On Wednesday, May 14, Galapagos Art Space — the pioneering cultural center that is undergoing a move from Williamsburg to DUMBO — will open to the public for the first time. Although the space will be used to exhibit video for the New York Photo Festival, just as interesting is what founder and Director Robert Elmes has planned for the space. As the first “Leadership in Energy and Environmental Design”–certified cultural institution in New York City, Galapagos will feature innovative eco-friendly touches (including well water and a possible roof garden) to match the cutting-edge performance schedule.
GO Brooklyn sat down with Elmes in the park at the foot of Washington Street to discuss the venue’s future down under the Manhattan Bridge overpass.
GO Brooklyn: When the doors open on May 14, what will the public see in the new Galapagos space?
Robert Elmes: We’re using it as an opportunity to finish certain aspects of the place. There will be six video installations, so our presence will be quiet. But it shows us as a flexible forum to showcase work. We can be an installation space, but can also showcase dance and theater. In a way, it’s expressing the flexibility of the venue.
GO: What part of the venue will be complete?
RE: When you walk in, the space will look finished; the 1,600-square-foot lake will be installed. We’ll look like we’re ready to go even though we have a bit more work to do. We want to put our best foot forward.
GO: So, when will the construction be finished and the venue be open for good?
RE: I’m not sure, to be honest. We still have work to complete, and we have programming in the works, but I think it’s important to open slowly and just operate the space.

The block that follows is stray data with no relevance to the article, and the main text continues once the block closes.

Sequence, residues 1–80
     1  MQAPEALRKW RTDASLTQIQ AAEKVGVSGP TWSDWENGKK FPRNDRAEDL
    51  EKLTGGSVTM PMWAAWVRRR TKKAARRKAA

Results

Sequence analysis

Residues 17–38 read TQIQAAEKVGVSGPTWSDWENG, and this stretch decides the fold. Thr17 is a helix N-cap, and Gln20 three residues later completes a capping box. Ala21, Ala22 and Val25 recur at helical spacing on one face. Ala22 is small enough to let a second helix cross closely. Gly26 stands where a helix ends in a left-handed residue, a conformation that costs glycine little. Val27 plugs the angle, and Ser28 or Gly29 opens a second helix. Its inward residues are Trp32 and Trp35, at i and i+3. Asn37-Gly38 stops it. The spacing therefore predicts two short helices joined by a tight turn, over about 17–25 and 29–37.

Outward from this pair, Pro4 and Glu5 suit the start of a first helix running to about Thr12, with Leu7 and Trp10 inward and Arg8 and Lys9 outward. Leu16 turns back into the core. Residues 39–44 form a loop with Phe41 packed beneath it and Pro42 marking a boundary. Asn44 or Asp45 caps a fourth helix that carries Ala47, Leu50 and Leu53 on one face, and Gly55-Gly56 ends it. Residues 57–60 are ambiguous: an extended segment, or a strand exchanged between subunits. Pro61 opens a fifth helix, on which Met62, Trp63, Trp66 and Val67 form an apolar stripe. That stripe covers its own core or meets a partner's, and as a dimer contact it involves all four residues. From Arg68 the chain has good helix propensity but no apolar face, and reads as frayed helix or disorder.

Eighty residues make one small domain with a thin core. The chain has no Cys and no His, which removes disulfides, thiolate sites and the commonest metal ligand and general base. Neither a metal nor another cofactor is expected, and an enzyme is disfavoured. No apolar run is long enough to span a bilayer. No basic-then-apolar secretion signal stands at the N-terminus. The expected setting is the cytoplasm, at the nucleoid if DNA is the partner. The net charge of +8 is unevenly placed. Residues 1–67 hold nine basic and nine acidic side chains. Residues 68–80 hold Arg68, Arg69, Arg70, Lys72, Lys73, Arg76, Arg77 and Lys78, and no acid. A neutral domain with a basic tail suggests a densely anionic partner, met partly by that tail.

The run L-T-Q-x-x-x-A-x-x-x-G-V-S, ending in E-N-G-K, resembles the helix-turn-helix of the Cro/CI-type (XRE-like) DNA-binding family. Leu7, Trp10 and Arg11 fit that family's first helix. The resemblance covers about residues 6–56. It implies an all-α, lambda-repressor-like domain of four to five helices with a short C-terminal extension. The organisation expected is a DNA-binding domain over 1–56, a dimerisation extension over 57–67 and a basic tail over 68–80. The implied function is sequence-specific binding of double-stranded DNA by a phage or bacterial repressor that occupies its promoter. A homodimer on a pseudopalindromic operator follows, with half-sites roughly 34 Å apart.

GO: Will the programming in DUMBO be similar to what was going on in Williamsburg?
RE: No. We want to rewind to the year 2000, back when we were really hitting a beautiful stride with lots of theater, dance, performance art and cinema. We’ll have a night devoted to cinema on Sundays.
We did a lot of things to be able to survive in Williamsburg. I think we did them with integrity, and we did them successfully, but we’re going to do much less of them. While we did have puppets, we had two rock bands for every puppet. Now we’re in a position not to have to do that. Our rent in 2022 will be less than we’re paying in Williamsburg now. That’s freedom to do culturally relevant work.
GO: Are you still involved with the former Galapagos location in Williamsburg, now called Natural Selection [70 N. Sixth St. at Wythe Avenue, (718) 782-5188]?
RE: No, it’s being run by new people. … Their job is to figure out how to run that space successfully in that rent climate. We struggled to fit in theater and dance, and I don’t think they’re interested in doing that as much.
GO: Will the DUMBO space function as a bar and hangout, though?
RE: You can come and sit next to the lake any night of the week.
GO: And what programming do you already have in the works?
RE: The film series is what we’ll launch with. A local filmmaker will show a short film before a feature. We’re now assembling dance and theater performances. We’re seeing how we want to run our resident artist program. It’s the chance to pivot the venue from what it always has been. You get one chance to be up-and-coming, but we’ve been granted a chance to be brand new again.
GO: How is DUMBO different than Williamsburg for an arts organization?
RE: I think DUMBO already has a lot of the benefits that Williamsburg is just gaining now. DUMBO is already an arranged idea, and it has a lot of room to grow — it’s already a wonderful neighborhood. Williamsburg is going through an identity crisis: everybody is 23 years old and they have very little social experience, and they’re brand new to the city. Williamsburg is all brand new again and has yet to form its identity.
The New York Photo Festival runs May 14 through May 18 at locations around DUMBO, including Galapagos (16 Main St. at Water Street). Tickets are $10 to $400. For information and a complete schedule, visit www.nyphotofestival.com.